Pyramid Lake Trip Report | January 2017

Your Day to Fish Pyramid

A few days after the holiday craze was over I made it out for a quick stint of an afternoon trip at Pyramid.  Conditions were below freezing, clear, and of course windy. But, my brother was in town visiting from back home in Montana—so despite the weather we put rubber to the road and headed towards the lake.

After a quick stop at Crosby’s for a day license and some cheap beer we were on the water at Cattlegaurd at about 1 PM. Not too shabby. The best bite seems to be from 2-ish until dark recently anyway.

Out on the lake it was absolutely bitter. The temp. was in the low 30’s and the wind was howling in the 10-15 MPH range right in our faces. Brutal. But, the only thing certain about the weather at Pyramid is change and in my experience it’s usually worth just going regardless of what the weather man predicts.

I started off with a midge and pilot nymph rig at about 10 feet, my brother with a midge and a peacock balanced leech at 8.5 feet. Two hours later we didn’t have anything to show for our efforts except cold hands and battered egos. Not a single takedown, lost fish, or even fish sighting along the entire beech. Pretty tough fishing. So we decided to move north.

Further up the lake we landed at what would be best described as the northern most section of the North Nets. The swells were large enough here that they scooped up huge areas of sand on the beach and pulled them back into the lake creating big dark plumes in the water. Typically this makes the fish go on binge eating sprees, especially for midges. But not today. We even tried stripping buggers and boobies through the sand clouds. These fish flat out didn’t want anything to do with us.

It was about this time I realized I left my net back on the south end of the lake. Dumbass! So we hopped back in the truck and high tailed it back down there for the last hour of light.

This time we ended up on a big ledge point in the water close to Cattlegaurd. Surprisingly, right when we got there the wind completely died. Like a switch had turned it off out of nowhere. Weird. A lot warmer for us though, so we weren’t complaining.


First thing at the new beach we switched flies. Now I had a midge mid water column and a midnight balanced leech at 10 feet and my brother a midge and brown/red balanced leech at 8.5 feet still.

First cast with the new flies my brother had a huge take and came unbuttoned within the first few seconds of the fight. Two casts later and fish on with the brown/red leech! Success! A nice 25 inch summit lake lohantan to the net and my brothers first out of Pyramid.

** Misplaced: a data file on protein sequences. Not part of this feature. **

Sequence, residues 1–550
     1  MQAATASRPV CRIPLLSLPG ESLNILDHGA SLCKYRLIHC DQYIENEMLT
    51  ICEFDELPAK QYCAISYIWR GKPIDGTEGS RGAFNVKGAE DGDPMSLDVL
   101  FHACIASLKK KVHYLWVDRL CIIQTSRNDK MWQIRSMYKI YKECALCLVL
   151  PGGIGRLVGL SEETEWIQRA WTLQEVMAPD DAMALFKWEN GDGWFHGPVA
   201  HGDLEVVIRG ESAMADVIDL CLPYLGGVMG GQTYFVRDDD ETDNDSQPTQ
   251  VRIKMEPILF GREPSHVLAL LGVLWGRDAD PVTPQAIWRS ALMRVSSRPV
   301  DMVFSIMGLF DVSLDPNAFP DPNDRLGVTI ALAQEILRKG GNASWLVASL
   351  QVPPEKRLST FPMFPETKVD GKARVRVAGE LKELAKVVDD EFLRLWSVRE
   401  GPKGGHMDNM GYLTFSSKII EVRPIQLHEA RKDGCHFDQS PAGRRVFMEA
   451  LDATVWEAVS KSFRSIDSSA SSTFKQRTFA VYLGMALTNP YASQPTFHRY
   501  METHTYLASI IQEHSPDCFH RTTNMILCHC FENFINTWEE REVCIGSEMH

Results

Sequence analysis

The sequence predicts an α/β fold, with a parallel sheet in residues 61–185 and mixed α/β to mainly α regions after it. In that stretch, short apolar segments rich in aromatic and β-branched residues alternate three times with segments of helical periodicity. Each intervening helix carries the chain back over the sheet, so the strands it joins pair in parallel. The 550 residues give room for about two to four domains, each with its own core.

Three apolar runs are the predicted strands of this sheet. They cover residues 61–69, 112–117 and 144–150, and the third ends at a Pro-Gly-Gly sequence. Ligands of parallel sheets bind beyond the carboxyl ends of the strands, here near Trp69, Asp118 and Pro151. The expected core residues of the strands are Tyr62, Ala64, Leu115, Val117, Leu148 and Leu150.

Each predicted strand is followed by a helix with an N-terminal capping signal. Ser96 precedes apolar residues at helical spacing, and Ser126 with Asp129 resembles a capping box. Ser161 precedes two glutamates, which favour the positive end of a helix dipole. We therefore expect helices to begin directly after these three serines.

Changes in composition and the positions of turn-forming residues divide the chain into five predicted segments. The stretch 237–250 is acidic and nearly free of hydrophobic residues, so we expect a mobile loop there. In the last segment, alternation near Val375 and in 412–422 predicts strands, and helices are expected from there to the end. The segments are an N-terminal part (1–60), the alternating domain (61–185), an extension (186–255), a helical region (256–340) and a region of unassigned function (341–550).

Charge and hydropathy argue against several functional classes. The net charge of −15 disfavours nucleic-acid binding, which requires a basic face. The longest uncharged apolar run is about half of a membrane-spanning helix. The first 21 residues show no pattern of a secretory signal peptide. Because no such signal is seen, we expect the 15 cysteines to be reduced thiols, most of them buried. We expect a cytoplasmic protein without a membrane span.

Before I could even switch to the brown leech and move my indicator down, he stuck another one. This time a slightly smaller pilot peak strain.  2 fish just like that. Nice.

Once I had my flies in the water it was game on for me too. My first fish was the largest of the night—right in that 5-6 pound range. Not a monster, but still a great fish. I lost one that would have probably gone over 10 pounds a few casts later. Oh well. That’s just how it goes using barbless hooks.

For the rest hour we managed to scrap together nine fish in total; all on the brown/red balanced leech fished in tight to the drop off with lots of twitches/swimming in the calm water.


Overall, we were fortunate to turn a cold and slow day around at the last minute and put some fish in the net. It just goes to show that the demanding Pyramid Lake will give up its rewards if you continue to grind it out. If you continue to do the right thing all day long the fish are bound to show up. Cast well, keep your flies in the right spot, and stay confident in the harsh conditions.

Some days at the lake we do not catch as many fish as the next, but the fishing is always good. We are so fortunate to have a winter specific fishery here in the desert of Northern Nevada. Not to mention a lake where 20 lb. trout are right around the corner at any moment. Staying positive, keeping at it, changing beaches, depth, retrieves, flies, and techniques all pay off in the long run. It all adds to your overall understanding of the lake.

This might be your day to go fishing, take advantage of it. There’s something to be said for braving the weather and working hard for a few fish this time of year.


Matt Needs is a new staff member at the Reno Fly Shop.  He is also a student at the Univ. of Nevada studying Geological Engineering. When not in class or the shop Matt is fly fishing all of our local waters and the Steelhead Rivers of western Oregon.  In summer Matt is a fly fishing guide in Montana and will be found most days on the oars of his drift boat with clients throwing dry flies.

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